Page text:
If you are hiring a caregiver for yourself or another loved one, you may be tempted to try to make the process as simple as possible by treating the caregiver as a "private contractor." You tell the person "I will pay you so much an hour, and you deal with the IRS and the State when it comes time to pay taxes." After all, taking on the responsibilities of withholding taxes (and then paying the taxing authorities), buying Worker's Compensation insurance, paying Social Security and Medicare tax, and all the rest, may seem daunting if you have never done it before. Be aware, however, that the IRS and the State will probably take the position that the caregiver is an employee, that you are an employer, and that all of the legal obligations that attach to those labels are applicable to your situation.
IRS Publication 926 gives very helpful guidance to those hiring household employees, including caregivers. You would do well to go through that publication and consider all of the questions it poses, several of which might never occur to you. For example, can your prospective caregiver legally work in the U.S.? How do you verify that, and what records must you keep to prove that you satisfied your obligation to verify the caregiver's status? On that subject, you can find all of the information and forms you will need at the U.S. Citizenship and Immigration Services website.
Depending on your budget and the number of caregivers you will need, it may make sense to look into local employment or caregiver agencies. This simplifies your job, because you can contract with the agency, and the agency will be the caregiver's employer and will deal with all of the details of being an employer. You will pay a premium for this kind of service (in other words, you will have to pay significantly more per hour for the caregiver's services if you deal with an agency than if you dealt directly with the caregiver), but the agency's experience and employment expertise may make the extra cost seem like a bargain.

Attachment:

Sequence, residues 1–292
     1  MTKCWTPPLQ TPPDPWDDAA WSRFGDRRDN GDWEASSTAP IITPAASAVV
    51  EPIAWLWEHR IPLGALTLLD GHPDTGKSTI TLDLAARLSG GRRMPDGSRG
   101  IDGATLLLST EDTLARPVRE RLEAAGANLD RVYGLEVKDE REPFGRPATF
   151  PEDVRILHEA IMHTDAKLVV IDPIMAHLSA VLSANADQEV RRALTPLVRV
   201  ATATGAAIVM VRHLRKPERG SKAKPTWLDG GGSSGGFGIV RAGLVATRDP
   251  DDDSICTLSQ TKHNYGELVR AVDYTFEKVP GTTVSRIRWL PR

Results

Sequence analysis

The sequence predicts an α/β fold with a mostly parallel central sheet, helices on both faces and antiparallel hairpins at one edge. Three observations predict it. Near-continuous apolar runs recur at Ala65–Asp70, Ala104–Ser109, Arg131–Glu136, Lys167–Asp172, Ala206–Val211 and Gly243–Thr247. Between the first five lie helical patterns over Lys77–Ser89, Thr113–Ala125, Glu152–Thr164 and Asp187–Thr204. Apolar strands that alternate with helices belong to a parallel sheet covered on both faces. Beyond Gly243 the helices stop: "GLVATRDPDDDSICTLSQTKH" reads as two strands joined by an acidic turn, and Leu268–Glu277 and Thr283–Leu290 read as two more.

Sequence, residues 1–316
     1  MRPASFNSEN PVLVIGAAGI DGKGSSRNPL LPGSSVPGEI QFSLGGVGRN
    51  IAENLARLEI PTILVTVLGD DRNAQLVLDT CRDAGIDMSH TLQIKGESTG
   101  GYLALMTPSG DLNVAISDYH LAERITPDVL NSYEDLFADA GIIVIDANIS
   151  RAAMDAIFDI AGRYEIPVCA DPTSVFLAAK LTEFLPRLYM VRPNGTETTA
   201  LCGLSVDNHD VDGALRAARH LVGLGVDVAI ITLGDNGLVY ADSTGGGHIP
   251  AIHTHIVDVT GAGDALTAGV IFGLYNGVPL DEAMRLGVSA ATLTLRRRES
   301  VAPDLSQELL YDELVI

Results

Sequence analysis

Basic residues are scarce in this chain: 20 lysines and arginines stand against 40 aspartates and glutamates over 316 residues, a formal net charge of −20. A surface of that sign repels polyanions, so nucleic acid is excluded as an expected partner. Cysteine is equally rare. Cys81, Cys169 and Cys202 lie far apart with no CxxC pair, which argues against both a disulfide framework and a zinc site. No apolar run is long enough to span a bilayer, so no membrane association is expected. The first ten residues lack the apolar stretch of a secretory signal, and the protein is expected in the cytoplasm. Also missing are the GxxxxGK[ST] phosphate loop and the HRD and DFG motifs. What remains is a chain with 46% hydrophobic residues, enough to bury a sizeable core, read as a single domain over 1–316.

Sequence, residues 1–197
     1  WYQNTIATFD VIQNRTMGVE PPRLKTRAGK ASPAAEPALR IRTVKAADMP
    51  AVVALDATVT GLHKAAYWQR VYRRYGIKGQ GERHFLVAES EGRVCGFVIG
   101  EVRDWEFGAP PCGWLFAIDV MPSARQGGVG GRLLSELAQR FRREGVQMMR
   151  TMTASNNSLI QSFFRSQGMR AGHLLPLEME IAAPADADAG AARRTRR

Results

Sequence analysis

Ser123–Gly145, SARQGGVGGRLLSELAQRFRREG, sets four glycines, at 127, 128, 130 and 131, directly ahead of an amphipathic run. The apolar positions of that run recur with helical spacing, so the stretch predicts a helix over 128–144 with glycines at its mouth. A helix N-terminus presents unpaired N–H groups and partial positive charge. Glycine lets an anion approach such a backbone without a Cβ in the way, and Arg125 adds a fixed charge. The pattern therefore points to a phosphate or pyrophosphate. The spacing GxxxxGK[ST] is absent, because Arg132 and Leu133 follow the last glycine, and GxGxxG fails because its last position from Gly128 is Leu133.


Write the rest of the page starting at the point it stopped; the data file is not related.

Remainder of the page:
Another set of issues arises if you opt to be the employer of a caregiver, and then your employee is injured on the job. If you have made sure to carry the right kinds of insurance, you will be fine. However, the consequences of failing to do so can be financially disastrous. An agency will probably carry Worker's Compensation insurance, but you should be sure to talk with your personal insurance professional to find out if there is anything else you should do to protect yourself through your homeowner's and umbrella policies.
The bottom line is that you should not hire a caregiver without carefully considering your legal responsibilities and potential liabilities, and making sure they are addressed. Ask your trusted advisors–your CPA, your lawyer, and your insurance professional–for guidance, and check out the resources cited above. You will be glad you did.